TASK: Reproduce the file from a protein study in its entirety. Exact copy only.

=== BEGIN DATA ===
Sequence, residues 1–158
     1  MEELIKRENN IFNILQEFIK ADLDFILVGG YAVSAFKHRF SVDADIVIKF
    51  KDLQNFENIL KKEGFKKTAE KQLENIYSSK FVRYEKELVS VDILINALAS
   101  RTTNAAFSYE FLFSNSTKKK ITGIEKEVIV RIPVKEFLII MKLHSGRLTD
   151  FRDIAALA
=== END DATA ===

Sequence, residues 1–158
     1  MEELIKRENN IFNILQEFIK ADLDFILVGG YAVSAFKHRF SVDADIVIKF
    51  KDLQNFENIL KKEGFKKTAE KQLENIYSSK FVRYEKELVS VDILINALAS
   101  RTTNAAFSYE FLFSNSTKKK ITGIEKEVIV RIPVKEFLII MKLHSGRLTD
   151  FRDIAALA